Auctions bring together buyers and sellers to agree on a price for goods or services that are otherwise difficult to value. In climate finance, reverse auctions can be used to produce the biggest bang for the buck – by engaging private companies to compete against one another for scarce public climate funds to deliver the most emission reductions at the lowest cost.
The World Bank Group yesterday allocated $13 million through the third auction of the Pilot Auction Facility for Methane and Climate Change Mitigation (PAF). Thirteen companies from nine countries participated in the online auction, and five won contracts that give them the right to sell their future carbon credits to the PAF at a fixed price. If redeemed, these contracts will reduce the equivalent of 6.2 million tons of carbon dioxide emissions.
Whereas the first two auctions, in 2015 and 2016 respectively, targeted methane emissions from landfills, the third auction targeted reductions in nitrous oxide. Both greenhouse gases are highly potent, with the latter having a global warming potential of nearly 300 times that of carbon dioxide. An example of nitrous oxide emissions would be from the industrial production of nitric acid, used to produce fertilizer. Emission reductions from the production of adipic acid were not eligible in yesterday’s auction.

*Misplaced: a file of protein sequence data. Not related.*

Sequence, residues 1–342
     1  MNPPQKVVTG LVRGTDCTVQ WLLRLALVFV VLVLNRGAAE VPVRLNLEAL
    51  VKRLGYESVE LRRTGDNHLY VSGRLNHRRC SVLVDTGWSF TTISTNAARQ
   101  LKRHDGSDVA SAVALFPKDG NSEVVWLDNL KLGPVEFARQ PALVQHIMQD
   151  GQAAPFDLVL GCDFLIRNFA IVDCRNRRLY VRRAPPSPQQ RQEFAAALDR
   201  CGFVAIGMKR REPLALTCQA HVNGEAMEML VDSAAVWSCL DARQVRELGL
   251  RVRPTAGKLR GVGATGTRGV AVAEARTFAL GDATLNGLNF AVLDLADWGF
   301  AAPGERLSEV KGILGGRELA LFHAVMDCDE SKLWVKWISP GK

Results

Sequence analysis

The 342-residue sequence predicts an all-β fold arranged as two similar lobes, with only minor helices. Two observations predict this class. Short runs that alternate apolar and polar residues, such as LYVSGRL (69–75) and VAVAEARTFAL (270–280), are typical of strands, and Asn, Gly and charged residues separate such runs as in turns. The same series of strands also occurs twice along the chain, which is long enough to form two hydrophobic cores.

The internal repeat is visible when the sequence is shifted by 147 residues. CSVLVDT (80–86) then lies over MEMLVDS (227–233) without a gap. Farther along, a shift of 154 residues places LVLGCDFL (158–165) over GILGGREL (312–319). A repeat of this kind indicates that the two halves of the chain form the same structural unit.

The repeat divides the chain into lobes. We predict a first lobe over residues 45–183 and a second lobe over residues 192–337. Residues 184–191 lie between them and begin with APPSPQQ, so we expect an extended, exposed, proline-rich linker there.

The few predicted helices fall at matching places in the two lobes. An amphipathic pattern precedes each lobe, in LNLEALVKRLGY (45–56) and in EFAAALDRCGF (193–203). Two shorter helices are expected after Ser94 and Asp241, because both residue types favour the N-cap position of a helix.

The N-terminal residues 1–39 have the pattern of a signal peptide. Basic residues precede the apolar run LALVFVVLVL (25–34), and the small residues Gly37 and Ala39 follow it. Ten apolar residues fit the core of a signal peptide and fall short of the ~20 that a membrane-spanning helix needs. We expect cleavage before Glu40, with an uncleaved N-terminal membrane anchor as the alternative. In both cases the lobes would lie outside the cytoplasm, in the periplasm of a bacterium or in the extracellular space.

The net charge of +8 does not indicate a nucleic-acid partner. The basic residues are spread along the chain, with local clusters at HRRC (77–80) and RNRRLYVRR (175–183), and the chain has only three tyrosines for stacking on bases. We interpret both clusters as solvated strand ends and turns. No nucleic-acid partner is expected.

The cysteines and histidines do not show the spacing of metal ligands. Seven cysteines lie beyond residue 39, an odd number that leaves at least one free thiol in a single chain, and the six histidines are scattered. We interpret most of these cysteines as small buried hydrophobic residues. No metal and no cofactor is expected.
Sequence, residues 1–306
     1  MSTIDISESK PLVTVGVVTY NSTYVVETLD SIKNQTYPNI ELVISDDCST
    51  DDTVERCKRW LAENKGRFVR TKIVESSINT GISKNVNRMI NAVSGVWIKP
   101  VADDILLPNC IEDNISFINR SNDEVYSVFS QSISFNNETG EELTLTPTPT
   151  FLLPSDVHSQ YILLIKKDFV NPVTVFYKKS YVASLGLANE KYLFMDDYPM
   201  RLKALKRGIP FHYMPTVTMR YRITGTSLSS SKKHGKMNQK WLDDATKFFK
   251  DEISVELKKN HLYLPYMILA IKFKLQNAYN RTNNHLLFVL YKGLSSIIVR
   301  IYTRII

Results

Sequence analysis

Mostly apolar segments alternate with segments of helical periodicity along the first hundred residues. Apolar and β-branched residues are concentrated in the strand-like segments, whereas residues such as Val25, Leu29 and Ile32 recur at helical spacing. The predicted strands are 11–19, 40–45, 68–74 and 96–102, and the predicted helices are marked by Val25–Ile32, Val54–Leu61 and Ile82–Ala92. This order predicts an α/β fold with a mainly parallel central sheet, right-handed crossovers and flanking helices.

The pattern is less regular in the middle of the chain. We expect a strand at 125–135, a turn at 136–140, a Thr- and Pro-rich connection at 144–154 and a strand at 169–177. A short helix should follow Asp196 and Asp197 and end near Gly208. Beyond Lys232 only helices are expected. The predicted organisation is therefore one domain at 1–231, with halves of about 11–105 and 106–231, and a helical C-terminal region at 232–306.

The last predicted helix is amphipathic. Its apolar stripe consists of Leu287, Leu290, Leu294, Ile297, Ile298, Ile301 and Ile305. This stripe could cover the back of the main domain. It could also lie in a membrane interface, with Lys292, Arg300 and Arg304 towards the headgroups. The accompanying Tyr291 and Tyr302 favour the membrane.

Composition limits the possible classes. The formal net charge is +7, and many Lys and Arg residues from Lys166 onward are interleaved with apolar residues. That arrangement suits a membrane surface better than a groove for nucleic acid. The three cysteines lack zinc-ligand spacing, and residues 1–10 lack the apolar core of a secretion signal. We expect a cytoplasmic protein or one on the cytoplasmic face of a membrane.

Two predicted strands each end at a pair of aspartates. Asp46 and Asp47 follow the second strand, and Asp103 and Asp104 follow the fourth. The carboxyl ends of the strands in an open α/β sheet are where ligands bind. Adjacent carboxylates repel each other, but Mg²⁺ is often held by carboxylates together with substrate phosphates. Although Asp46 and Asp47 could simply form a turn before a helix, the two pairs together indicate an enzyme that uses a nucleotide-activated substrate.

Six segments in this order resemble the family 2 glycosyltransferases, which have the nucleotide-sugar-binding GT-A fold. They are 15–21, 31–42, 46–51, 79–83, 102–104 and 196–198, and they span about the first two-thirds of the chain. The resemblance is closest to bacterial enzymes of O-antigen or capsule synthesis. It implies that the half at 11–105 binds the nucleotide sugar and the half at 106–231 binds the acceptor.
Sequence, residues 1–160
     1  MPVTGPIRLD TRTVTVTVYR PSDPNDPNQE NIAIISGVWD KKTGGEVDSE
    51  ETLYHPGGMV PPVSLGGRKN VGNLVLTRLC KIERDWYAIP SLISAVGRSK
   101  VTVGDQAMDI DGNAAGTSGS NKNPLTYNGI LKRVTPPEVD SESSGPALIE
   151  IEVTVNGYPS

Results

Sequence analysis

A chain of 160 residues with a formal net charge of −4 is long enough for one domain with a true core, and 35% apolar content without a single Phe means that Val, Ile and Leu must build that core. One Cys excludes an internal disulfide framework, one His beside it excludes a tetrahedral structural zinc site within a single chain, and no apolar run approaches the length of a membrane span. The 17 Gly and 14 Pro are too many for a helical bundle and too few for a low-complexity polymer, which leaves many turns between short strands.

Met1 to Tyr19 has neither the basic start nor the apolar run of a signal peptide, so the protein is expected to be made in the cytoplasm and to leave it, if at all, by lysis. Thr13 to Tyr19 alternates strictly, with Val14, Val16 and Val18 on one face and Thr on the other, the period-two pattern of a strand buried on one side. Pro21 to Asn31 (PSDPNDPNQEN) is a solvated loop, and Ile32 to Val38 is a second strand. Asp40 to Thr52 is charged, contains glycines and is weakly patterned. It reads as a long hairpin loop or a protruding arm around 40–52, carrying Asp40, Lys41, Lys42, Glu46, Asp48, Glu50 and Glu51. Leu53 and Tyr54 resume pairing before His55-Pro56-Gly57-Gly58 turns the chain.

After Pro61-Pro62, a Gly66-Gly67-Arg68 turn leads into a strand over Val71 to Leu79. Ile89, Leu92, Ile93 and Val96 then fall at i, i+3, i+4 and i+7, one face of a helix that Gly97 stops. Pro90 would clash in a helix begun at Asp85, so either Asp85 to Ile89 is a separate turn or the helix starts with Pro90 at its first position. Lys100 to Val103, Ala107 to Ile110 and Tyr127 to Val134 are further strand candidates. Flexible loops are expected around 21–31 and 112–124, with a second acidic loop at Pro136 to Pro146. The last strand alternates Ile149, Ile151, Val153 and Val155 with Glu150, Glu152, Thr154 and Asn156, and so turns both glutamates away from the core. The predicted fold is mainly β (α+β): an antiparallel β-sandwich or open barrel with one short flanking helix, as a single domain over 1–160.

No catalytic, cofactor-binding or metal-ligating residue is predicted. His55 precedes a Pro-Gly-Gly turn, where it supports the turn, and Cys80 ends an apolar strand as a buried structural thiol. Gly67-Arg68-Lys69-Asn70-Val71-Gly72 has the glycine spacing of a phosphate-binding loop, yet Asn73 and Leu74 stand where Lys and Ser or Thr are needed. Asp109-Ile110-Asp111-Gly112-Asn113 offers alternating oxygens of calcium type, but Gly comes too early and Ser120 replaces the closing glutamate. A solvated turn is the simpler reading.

The PAF was set up two years ago to test how auctions can effectively channel funds to projects that reduce emissions. As a pilot facility, the PAF aims to promote learning by testing multiple auction formats, with the hope that others will replicate this model. The third auction--unlike the first and second--was split into two sub-auctions, with a “new segment” dedicated to projects that had not installed clean technologies before the auction date, and an “open segment” open to both new and operating projects.
Winners in the third auction’s open segment received contracts giving them the right to sell carbon credits to the PAF for $2.10/carbon credit. Bidding for this segment began at $5/carbon credit, at which price bidders demanded over five times the available supply. The PAF lowered the price over seven rounds before reaching the clearing price.